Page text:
It seems puzzling at first: prescription drug prices in the United States continue to rise at an alarming rate, despite the threat (or promise) of competition from cheaper generic substitutes. But there really is no mystery. Pharmaceutical companies pay players throughout the health-care system to favor their more expensive drugs over lower-priced alternatives. And those who should be acting as watchdogs for patients are happy to go along.
The consequences of this are obvious. Consider Medicare, the US health insurance system for people over the age of 65. Even accounting for rebates, spending by Medicare beneficiaries for brand-name drugs rose 62% between 2011 and 2015. Most of those over the age of 65 did not receive 62% more salary or pension over that period, so the steep rise in prices is causing people real pain.
Precisely how the drug-pricing system works is opaque to the American public, and pharmaceutical firms would like to keep it that way. The contracts between drug companies and key actors in the health-care system are closely guarded secrets, and even government entities and private insurers are not permitted to see the full terms.
Nonetheless, details have begun to seep out – through lawsuit documents (including contract disputes), government studies, reports to shareholders, and industry insiders. By piecing together information from these sources during research for my forthcoming book, I got a full picture of the perverse incentive structures in the pharmaceutical industry.
At the center of the system are “pharmacy benefit managers” (PBMs), who represent health-insurance plans in drug-price negotiations with pharmaceutical companies. Because health insurers pay PBMs based on the discounts they secure, these intermediaries should in theory try to negotiate the lowest possible drug prices for their clients. But in practice, established drug companies offer PBMs financial incentives to favor their higher-priced drugs and block cheaper competitors.
These incentives often include large volume-based price discounts, with the best deals reserved for PBMs who promise to favor all of a company’s drugs together. An apparent example of this came to light in October 2017, when the vaccine maker Sanofi paid $61.5 million to settle a case that was pending in a federal district court in New Jersey. The suit alleged that when another company planned to compete against Sanofi’s pediatric meningitis vaccine Menactra, Sanofi hiked Menactra’s price by up to 34.5% unless buyers agreed to purchase all of its vaccines exclusively.
A similar case filed in late 2017 focuses on Johnson & Johnson’s anti-inflammatory drug Remicade. The complaint alleges that, after the drug’s patent protection expired, and just weeks after a lower-priced biosimilar came on the market, the company began a bundling scheme that that effectively induced hospitals and health plans to exclude the cheaper competitor. Johnson & Johnson denied the allegations, but the court rejected its motion to dismiss the complaint.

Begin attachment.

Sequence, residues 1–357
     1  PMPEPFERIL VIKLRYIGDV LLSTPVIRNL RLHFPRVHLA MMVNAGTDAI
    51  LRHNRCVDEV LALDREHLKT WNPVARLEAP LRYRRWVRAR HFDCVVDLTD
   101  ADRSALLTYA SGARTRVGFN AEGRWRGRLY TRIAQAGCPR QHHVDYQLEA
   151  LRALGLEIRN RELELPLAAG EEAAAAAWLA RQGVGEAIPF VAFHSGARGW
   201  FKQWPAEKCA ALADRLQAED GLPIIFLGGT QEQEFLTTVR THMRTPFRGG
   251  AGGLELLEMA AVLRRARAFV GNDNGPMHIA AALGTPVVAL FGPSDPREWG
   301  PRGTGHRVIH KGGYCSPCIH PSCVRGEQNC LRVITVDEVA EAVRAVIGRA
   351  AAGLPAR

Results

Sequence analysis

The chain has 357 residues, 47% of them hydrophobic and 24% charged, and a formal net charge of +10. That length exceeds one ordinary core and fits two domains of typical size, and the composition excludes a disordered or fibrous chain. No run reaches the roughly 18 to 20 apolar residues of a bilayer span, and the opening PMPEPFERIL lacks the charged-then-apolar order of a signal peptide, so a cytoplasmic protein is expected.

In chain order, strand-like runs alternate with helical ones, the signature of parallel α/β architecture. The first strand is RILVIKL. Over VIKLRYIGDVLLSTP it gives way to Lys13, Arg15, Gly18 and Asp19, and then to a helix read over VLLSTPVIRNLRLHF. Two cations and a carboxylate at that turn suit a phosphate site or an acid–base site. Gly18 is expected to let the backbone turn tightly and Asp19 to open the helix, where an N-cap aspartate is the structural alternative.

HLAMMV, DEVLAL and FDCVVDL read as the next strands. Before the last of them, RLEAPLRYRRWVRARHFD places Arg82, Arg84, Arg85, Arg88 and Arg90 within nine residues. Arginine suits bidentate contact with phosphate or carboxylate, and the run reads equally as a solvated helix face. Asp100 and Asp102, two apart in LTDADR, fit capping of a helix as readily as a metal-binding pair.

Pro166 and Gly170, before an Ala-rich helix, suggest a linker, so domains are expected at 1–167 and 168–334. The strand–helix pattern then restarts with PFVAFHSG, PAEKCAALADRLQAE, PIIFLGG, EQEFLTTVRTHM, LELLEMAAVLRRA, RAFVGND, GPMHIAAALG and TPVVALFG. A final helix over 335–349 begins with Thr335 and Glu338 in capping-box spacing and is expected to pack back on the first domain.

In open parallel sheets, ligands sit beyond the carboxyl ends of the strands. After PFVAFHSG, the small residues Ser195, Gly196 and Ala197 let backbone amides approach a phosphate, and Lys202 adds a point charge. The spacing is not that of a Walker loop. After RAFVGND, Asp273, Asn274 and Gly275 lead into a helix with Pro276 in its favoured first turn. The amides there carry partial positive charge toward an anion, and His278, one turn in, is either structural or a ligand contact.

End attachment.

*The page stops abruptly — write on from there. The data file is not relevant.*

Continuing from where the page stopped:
Why do US health insurers go along with all of this, despite the rising costs and lack of competition among drug companies? For the many smaller health plans, demanding better terms from a PBM is too complex and time-consuming to make economic sense. Larger private insurers, meanwhile, are primarily concerned with their bottom line, and may find that volume-based discounts on established drugs work out cheaper than lower-priced alternatives, at least in the short term. And when an insurer with market clout asks for better terms, PBMs are now offering “price-protection” contracts that promise to limit price increases to, say, 2-4% a year – without pushing drug companies to change their anti-competitive strategies.
Even US government health-insurance plans can get trapped by these perverse economic incentives. For example, if a Medicare plan pushes a patient to use a more expensive drug, the government picks up most of the tab, and the plan pays less. This destroys any incentive to encourage patients to use a generic or cheaper branded alternative.
The problem is not limited to PBMs and health insurers. Drug companies can also pay doctors, clinics, hospitals, patient-assistance programs, and patient-advocacy groups to favor their more expensive drugs. Some payments come in the form of rebates, while others are labeled as “administrative fees” or “data-monitoring fees.” Whatever the form, they all represent a tempting flow of money for many players who should be acting as watchdogs for patients.
Disrupting such a lucrative, well-entrenched system will require a combination of changes. These must include curtailing payments by drug companies, full transparency (so that competition can flourish), and cutting back on the many government-granted competition rights that reinforce pharmaceutical firms’ power across a range of drugs.
But the most important part of any reform plan is political will. Without that, it will be business as usual in the pharmaceutical industry. And patients, taxpayers, government budgets, and the US economy will continue to suffer.
(Author Robin Feldman, a professor of law at the University of California Hastings, where she is Director of the Institute for Innovation Law, is the author of Drugs, Money, & Secret Handshakes: The Unstoppable Growth of Prescription Drug Prices.)
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